The LTE Family of Networking Protocols Represents Utilities’ Most Future-Proof Option

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Richelle Elberg's picture
Principal Research Analyst, Guidehouse Insights

Richelle Elberg is a principal research analyst overseeing Guidehouse Insights’ IoT and Connectivity solution. She also supports the Digital Innovations, Neural Grid, and AI and Advanced...

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  • Aug 26, 2020

This item is part of the LTE Networks & Utilities - Summer 2020 SPECIAL ISSUE, click here for more

It’s been a longtime coming, but the day for power utilities to consider deploying a private LTE (PLTE) network is here. Several factors are coming together in a perfect storm of market conditions and technical innovations that make PLTE more attractive—and viable—for utility needs than ever before. In this article, Guidehouse Insights shares its thinking around PLTE for power utility applications, and why the LTE family of protocols is likely to become an important utility industry standard in coming years.

Digitalization Is King

The advent of the Fourth Industrial Revolution (Industry 4.0) is upon us. To remain competitive, safe, reliable, and efficient, grid operators must embrace a range of digitization technologies. These include sensors, analytics, and the cloud. But ubiquitous, flexible, and future-proof communications networking is foundational to these Industry 4.0 technologies.

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Historically, most utilities have taken a scattershot approach to their networking needs, building ad hoc, application-centric (and often proprietary) networks to perform just one or a handful of tasks. These projects are often undertaken within operational silos, with a mix of wired and wireless, public and private solutions. Looking ahead, utilities should consider a holistic, long-term plan for territory‑wide connectivity. A strategy built around the family of LTE wireless technologies presents a versatile and virtually future-proof solution.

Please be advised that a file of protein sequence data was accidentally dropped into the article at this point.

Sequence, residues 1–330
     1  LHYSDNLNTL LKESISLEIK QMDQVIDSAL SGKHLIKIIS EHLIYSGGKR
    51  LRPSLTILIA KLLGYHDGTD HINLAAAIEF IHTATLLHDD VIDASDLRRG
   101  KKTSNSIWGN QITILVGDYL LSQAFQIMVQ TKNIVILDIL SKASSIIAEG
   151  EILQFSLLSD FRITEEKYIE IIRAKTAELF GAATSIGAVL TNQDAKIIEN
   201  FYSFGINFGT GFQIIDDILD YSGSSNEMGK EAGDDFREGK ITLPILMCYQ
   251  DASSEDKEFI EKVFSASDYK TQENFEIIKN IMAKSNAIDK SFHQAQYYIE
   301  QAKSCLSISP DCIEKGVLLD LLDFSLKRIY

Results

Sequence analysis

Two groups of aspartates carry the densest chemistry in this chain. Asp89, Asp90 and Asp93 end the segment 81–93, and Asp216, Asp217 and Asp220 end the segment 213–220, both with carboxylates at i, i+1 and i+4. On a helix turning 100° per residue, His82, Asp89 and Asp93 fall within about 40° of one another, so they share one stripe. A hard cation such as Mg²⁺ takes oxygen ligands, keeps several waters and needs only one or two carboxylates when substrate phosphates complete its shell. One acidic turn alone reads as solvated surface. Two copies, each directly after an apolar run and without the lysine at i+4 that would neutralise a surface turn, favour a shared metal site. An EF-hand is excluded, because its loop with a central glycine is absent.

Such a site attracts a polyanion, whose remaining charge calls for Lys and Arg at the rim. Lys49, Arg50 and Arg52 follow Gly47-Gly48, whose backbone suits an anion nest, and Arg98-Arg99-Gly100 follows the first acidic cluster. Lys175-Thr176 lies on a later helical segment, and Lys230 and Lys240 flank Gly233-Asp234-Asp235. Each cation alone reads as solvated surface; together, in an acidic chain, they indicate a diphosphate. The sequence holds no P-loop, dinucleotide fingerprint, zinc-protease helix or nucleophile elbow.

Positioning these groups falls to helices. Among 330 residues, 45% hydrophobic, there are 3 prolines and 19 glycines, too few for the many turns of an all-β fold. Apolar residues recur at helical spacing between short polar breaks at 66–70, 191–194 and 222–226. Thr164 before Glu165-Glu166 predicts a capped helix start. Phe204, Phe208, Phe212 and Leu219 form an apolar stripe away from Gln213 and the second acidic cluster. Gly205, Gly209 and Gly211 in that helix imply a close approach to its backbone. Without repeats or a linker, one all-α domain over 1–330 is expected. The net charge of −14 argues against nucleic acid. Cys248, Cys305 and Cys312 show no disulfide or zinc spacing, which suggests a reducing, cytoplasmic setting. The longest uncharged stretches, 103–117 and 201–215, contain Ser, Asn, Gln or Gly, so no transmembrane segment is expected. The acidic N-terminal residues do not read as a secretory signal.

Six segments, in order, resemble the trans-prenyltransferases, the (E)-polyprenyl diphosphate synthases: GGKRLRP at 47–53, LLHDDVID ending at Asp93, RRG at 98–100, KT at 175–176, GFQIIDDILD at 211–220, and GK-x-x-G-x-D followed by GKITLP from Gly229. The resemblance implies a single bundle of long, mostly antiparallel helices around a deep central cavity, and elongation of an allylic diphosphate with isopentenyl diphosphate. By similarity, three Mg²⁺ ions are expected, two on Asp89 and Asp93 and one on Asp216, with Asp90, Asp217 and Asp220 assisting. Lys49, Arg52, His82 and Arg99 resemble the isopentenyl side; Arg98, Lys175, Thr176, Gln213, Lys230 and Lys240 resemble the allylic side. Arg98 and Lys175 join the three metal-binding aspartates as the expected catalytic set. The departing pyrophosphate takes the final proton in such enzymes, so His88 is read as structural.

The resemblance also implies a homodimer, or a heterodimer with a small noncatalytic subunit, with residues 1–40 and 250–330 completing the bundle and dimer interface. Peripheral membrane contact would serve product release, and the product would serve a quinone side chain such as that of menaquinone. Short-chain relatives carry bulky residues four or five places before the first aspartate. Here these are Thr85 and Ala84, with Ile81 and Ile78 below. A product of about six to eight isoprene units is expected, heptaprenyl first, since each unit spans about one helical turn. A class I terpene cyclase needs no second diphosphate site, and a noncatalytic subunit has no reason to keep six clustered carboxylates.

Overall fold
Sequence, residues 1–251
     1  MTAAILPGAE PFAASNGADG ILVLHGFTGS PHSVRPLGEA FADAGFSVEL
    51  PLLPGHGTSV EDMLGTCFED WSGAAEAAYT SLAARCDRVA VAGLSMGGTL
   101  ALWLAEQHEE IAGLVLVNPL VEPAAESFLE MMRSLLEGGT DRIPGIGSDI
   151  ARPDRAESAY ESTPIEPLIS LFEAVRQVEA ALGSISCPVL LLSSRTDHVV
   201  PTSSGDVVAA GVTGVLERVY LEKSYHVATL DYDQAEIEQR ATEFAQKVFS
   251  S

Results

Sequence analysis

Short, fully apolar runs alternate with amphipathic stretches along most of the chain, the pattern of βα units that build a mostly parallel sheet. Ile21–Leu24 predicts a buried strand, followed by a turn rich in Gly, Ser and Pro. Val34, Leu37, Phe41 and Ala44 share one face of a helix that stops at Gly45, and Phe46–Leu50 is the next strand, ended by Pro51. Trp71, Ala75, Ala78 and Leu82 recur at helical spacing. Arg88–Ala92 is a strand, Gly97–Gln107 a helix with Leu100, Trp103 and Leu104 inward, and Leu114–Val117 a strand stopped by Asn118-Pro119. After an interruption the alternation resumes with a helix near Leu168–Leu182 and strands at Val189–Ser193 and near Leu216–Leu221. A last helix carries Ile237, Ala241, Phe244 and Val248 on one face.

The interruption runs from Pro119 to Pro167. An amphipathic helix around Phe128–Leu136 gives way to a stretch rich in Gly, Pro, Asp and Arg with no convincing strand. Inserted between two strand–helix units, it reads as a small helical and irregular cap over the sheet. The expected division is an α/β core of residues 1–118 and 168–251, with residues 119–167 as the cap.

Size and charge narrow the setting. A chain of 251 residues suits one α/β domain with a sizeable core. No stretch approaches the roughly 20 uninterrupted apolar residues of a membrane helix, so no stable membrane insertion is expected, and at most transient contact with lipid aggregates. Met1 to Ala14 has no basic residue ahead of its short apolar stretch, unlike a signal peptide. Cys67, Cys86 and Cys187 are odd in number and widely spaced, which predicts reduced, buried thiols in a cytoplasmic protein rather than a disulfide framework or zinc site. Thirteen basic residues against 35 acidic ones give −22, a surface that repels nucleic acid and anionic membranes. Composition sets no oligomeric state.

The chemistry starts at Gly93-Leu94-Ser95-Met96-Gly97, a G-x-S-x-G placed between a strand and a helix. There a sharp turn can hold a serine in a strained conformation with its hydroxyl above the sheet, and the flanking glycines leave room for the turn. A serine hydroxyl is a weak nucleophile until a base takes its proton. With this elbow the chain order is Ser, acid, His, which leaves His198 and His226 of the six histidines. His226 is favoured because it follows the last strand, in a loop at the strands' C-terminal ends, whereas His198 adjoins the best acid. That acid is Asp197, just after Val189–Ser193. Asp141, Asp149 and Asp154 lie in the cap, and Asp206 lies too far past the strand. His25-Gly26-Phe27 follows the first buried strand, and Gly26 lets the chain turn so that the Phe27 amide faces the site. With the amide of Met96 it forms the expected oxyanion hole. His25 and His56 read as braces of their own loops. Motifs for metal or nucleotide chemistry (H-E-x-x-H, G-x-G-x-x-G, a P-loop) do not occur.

LTE Is the Gold Standard for High Capacity Wireless Networking

LTE-based networks have become the global standard for wireless networking for voice and data applications. They also provide the basis for future 5G systems, which promise to enable new and more advanced capabilities.

In the US, several large investor-owned utilities are considering buildout of PLTE networks. Ameren and New York Power Authority have each announced plans for PLTE. Not only has the cost to build an LTE network come down, thanks to widespread deployment by carriers worldwide, but also new spectrum options are available.

Why LTE?

Infrastructure vendors, cellular service providers, and standards bodies worldwide have coordinated to develop several LTE-based specifications. In addition to 4G LTE protocols, LTE Cat 1, LTE Cat M1, and Narrowband-Internet of Things (NB-IoT) are relevant to utility smart grid, smart lighting, and smart city applications.

NB-IoT operates at sub-gigahertz frequencies with the goal of provisioning low data devices and sensors with low power requirements. It will have the lowest cost and throughput of LTE-based networks. LTE Cat M1 consumes more power than NB-IoT but offers better downlink performance and interference immunity. Most modems combine Cat M1 and NB-IoT into one module. LTE Cat 1 offers broadband capabilities in more affordable packages than 4G and requires less power than traditional 3G or 4G nodes.

4G LTE offers latencies as low as 10 ms and bandwidth adequate for video applications. As a result of global deployment, a large ecosystem of vendors exists and economies of scale have already been achieved.

Furthermore, the next generation of wireless technology—5G—is an evolutionary overlay to existing 4G LTE networks. The standards will allow public and private LTE network operators to transition to 5G networks in an incremental fashion, eliminating the obsolescence issue that has historically plagued industrial users (e.g., utilities).

The transition from 4G to 5G will be more gradual than previous evolutions in cellular networks, with greater sharing of infrastructure and easier switching between service levels. In the end, however, 5G will be a radically disruptive technology that will usher in new uses and applications for industrial users such as utilities. In short, this family of LTE-based standards will ultimately converge in the 5G networks of the future, providing a powerful and flexible platform for utility use cases—one for which the foundation can be built today.